The Advance Warning System (AWS) disseminates information to people with disabilities and others with access and functional needs through their service providers. Please share the important information below with your clients and other agencies or individuals to empower them to make informed decisions.


Winter Weather Advisory in effect for New York City on Tuesday

Snow, sleet and rain may cause significant travel difficulties 

February 11, 2019 — The New York City Emergency Management Department today issued a travel advisory for Tuesday, February 12. The National Weather Service has issued a Winter Weather Advisory for New York City in effect from 6 a.m. Tuesday through midnight. A Winter Weather Advisory means that periods of snow, sleet or freezing rain may cause travel difficulties during Tuesday’s morning and evening commutes. According to the latest National Weather Service (NWS) forecast, light snow moves into the region early Tuesday morning and continues through the morning commute. Snow will become moderate to heavy at times. The steadiest period of snow is forecast between 9 a.m. and noon. As temperatures increase Tuesday, the snowfall will transition to a wintry mix of sleet and rain in the afternoon, before changing over to rain during the evening commute. There is a possibility for brief freezing rain during the changeover from sleet to rain. Light to moderate rain is expected to continue through the overnight, and will begin to taper off after midnight. A total of 2 to 4 inches of snow accumulation is forecast, with higher amounts possible in the northern parts of the city. A total of an inch to an inch and a half of rain and a glaze of ice are also possible. High winds are also possible on Tuesday and Wednesday, with gusts up to 40 mph.

New York City Emergency Management advises New Yorkers to use public transportation wherever possible on Tuesday. If you must drive, allow for extra travel time, expect slippery roads and limited visibility, and use extreme caution.

“We are expecting wintry mix of snow, sleet, and rain that will cause messy travel conditions on Tuesday. We advise New Yorkers to take mass transit where possible, exercise caution when driving, walking, or biking, and allow for extra travel time,” said NYC Emergency Management Commissioner Joseph Esposito. “NYC Emergency Management is working closely with agency partners to coordinate preparations for the upcoming storm.”

NYC Emergency Management continues to work closely with National Weather Service to monitor the storm, and will activate the City’s Emergency Operations Center (EOC) beginning at 12:01 a.m. Tuesday. Key agencies and partners will staff the EOC to coordinate any response to potential impacts associated with the forecast. The New York City Department of Sanitation (DSNY) has loaded 695 salt spreaders across the five boroughs, and has assigned 2,300 workers to split 12-hour shifts. DSNY will activate PlowNYC and will dispatch plows if more than two inches of snow accumulates on roadways. Alternate Side Street Parking Regulations and trash, recycling and organic collections are suspended on Tuesday, February 12 in observance of Abraham Lincoln’s birthday. Parking meters remain in effect.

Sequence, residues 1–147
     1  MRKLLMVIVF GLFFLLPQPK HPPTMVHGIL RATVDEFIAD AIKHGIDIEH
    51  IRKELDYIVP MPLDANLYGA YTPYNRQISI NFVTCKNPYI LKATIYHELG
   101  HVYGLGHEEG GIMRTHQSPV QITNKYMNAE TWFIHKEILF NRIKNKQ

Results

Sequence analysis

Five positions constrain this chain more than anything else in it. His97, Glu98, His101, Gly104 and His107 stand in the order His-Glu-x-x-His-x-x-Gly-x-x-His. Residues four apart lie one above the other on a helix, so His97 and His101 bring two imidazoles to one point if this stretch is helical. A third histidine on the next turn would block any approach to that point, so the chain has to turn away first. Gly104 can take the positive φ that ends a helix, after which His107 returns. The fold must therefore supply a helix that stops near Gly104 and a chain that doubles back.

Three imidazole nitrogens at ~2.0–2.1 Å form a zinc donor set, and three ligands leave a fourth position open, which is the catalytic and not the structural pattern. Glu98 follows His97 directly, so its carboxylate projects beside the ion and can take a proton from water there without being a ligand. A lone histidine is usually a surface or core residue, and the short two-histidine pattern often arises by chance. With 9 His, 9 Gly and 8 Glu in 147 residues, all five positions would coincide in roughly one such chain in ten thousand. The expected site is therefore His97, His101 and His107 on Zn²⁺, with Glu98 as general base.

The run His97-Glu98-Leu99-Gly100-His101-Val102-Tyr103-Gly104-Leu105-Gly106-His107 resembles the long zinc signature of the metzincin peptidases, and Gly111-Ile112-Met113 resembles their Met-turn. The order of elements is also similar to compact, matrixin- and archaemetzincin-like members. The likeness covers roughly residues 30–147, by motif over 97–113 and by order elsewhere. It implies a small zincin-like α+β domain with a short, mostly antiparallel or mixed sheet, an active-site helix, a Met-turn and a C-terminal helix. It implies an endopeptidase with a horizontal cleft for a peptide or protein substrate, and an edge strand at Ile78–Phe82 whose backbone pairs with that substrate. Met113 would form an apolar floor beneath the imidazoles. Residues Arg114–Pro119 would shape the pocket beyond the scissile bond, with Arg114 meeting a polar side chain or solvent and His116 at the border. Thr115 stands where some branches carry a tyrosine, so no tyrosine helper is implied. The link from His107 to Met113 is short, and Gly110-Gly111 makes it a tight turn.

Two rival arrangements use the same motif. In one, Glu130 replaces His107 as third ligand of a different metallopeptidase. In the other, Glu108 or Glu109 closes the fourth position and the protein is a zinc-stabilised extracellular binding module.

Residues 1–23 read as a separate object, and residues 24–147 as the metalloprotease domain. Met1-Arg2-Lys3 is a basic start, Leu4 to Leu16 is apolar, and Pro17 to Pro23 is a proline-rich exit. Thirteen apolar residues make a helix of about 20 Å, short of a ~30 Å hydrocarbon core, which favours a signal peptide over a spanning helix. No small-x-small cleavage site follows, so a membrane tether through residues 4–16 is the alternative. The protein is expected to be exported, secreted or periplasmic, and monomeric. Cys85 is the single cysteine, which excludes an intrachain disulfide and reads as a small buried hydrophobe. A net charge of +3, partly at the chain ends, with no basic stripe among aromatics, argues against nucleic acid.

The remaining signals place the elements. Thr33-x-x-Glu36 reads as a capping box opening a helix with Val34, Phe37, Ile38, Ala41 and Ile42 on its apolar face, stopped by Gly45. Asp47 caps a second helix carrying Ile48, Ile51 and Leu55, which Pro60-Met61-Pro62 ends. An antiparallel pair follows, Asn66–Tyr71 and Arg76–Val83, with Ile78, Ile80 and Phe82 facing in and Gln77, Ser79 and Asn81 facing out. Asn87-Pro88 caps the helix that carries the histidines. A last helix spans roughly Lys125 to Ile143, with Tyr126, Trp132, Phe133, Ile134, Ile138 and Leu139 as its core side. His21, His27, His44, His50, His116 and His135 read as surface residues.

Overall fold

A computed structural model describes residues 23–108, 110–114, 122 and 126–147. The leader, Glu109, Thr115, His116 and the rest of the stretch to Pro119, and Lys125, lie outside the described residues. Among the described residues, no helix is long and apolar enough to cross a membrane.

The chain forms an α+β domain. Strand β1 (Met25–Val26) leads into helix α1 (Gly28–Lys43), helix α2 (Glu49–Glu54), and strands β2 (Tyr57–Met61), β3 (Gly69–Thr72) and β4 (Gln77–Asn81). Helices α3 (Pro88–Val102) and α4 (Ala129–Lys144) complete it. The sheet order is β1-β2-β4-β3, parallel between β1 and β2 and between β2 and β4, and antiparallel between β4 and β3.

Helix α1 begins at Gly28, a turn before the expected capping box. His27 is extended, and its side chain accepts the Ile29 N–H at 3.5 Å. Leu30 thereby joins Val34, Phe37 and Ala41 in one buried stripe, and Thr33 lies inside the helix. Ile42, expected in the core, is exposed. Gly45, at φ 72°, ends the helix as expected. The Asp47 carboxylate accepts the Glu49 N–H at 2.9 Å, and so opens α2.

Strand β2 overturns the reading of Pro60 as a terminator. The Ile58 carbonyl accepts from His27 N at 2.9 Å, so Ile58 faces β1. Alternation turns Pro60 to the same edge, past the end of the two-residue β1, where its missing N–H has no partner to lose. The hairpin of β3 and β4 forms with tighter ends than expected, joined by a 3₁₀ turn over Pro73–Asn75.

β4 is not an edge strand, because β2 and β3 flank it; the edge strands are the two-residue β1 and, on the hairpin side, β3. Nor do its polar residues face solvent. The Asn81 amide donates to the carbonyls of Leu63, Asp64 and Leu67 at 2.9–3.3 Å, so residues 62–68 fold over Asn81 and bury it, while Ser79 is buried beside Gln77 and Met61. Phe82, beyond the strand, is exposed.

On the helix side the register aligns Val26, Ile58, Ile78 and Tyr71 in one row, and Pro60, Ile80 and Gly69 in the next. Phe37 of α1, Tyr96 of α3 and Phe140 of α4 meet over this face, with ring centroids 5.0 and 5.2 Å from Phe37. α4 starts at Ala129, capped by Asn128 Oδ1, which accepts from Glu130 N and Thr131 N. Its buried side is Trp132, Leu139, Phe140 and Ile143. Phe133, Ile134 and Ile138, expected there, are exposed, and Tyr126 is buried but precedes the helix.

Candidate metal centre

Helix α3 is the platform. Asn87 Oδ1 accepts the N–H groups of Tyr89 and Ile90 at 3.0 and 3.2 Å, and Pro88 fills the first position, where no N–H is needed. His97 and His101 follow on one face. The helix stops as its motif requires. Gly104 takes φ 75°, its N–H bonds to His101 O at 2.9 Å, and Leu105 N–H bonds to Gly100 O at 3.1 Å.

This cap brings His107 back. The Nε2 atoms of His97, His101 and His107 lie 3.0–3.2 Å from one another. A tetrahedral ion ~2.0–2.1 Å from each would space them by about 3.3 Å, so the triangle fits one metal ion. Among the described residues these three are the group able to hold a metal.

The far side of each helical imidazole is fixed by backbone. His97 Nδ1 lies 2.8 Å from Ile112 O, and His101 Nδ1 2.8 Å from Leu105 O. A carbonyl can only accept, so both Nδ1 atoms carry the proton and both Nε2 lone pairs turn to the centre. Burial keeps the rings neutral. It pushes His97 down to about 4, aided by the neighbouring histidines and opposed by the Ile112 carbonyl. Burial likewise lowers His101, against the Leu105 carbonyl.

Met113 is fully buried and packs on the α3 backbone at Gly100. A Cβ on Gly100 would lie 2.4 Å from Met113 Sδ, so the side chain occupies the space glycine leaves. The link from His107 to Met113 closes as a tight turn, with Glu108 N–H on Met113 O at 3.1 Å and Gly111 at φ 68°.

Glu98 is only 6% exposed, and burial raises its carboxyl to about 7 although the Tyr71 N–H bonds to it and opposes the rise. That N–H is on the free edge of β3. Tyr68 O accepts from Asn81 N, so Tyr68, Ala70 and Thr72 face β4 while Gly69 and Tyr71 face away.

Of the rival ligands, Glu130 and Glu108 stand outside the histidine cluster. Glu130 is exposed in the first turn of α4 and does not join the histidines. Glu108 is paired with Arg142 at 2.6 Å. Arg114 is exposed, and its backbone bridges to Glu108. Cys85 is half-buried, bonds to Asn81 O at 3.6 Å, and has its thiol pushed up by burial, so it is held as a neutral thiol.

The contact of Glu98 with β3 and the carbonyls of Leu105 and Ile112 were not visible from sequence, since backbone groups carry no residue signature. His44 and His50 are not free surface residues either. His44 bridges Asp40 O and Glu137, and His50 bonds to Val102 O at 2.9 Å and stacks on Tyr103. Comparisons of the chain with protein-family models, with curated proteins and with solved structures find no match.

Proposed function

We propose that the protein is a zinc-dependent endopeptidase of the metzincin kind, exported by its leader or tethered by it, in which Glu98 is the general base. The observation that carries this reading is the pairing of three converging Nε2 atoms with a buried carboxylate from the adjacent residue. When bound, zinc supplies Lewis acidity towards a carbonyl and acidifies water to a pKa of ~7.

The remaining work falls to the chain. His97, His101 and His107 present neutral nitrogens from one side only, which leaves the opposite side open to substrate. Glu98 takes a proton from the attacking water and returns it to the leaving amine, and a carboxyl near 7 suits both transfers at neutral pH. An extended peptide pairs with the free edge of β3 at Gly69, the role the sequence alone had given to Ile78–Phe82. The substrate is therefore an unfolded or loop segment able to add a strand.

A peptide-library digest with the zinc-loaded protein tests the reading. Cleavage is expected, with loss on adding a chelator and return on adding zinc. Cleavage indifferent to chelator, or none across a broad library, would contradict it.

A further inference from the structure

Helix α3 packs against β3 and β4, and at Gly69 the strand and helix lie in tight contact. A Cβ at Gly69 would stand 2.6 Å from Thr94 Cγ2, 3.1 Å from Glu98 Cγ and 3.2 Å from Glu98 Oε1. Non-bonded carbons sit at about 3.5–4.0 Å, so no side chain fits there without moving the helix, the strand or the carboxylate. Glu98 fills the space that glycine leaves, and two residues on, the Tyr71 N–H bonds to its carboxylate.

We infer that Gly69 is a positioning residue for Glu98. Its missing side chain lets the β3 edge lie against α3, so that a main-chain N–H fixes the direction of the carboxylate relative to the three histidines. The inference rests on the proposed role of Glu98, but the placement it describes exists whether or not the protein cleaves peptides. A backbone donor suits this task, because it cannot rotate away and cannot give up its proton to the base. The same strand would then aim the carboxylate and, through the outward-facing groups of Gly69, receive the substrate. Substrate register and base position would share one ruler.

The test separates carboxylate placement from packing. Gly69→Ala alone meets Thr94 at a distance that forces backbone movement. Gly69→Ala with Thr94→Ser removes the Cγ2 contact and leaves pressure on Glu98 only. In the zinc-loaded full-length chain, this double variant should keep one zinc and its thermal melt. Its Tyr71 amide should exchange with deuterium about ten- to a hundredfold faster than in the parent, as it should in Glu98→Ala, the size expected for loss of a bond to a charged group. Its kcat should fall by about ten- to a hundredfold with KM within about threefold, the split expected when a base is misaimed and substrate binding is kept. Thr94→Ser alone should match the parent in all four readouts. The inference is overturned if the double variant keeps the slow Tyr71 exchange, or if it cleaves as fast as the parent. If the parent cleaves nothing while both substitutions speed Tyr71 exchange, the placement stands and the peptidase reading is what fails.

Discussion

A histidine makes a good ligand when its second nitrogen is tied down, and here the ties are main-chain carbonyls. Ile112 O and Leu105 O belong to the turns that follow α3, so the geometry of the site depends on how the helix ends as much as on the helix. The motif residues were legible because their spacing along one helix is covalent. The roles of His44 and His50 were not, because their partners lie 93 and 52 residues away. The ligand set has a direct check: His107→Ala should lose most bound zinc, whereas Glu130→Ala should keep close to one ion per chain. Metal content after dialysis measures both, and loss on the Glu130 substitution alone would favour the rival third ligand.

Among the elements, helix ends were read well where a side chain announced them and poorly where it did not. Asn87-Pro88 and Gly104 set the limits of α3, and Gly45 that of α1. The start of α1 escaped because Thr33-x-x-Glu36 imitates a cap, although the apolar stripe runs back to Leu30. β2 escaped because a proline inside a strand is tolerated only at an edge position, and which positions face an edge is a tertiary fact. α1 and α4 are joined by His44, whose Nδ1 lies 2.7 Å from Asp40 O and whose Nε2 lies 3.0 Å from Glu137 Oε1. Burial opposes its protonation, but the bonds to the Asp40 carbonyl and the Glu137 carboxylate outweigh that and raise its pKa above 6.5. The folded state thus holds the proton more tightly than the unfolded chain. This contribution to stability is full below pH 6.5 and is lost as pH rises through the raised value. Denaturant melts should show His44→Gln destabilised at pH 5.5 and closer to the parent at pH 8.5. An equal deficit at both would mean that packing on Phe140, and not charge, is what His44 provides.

The Department of Buildings (DOB) has issued a weather advisory to remind property owners, contractors, and crane operators to take precautionary measures and secure their construction sites, buildings, and equipment during high winds, with the forecast calling for wind gusts up to 40 miles per hour beginning tomorrow, Tuesday, February 12 through Wednesday, February 13. The department will perform random spot-check inspections of construction sites around the city. If sites are not secured, the department will take immediate enforcement action — issuing violations and Stop Work Orders, where necessary.

Safety Tips

  • Small accumulations of ice can be extremely dangerous to motorists and pedestrians. Bridges and overpasses are particularly dangerous because they freeze before other surfaces.
  • If you drive, use extra caution. Vehicles take longer to stop on snow and ice than on dry pavement.
  • Four-wheel drive vehicles may make it easier to drive on snow-covered roads, but they stop less quickly than other vehicles.
  • Use major streets or highways for travel whenever possible.
  • Know your vehicle’s braking system. Vehicles with anti-lock brakes require a different braking technique than vehicles without anti-lock brakes in snowy conditions.
  • If you are driving and begin to skid, ease your foot off the gas and steer in the direction you want the front of the car to go. Straighten the wheel when the car moves in the desired direction. If you have an anti-lock braking system (ABS), apply steady pressure to the brake pedal. Never pump the brakes on an ABS equipped vehicle.
  • Pedestrians should exercise caution and avoid slippery surfaces; some ice may not be visible. Wear sturdy boots that provide traction to reduce slipping. Use handrails when using stairs.
  • Seniors should take extra care outdoors to avoid slips and falls.

The Advance Warning System (AWS) alerts organizations who work with people with disabilities and access and functional needs to various types of hazards and emergencies in New York City that may affect people's independence and daily lives. Participating organizations receive public preparedness and emergency information that they can relay to their clients and other similar agencies. If you work for an organization that serves people with disabilities or access and functional needs you can subscribe for AWS Alerts at the following link:

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February 11, 2019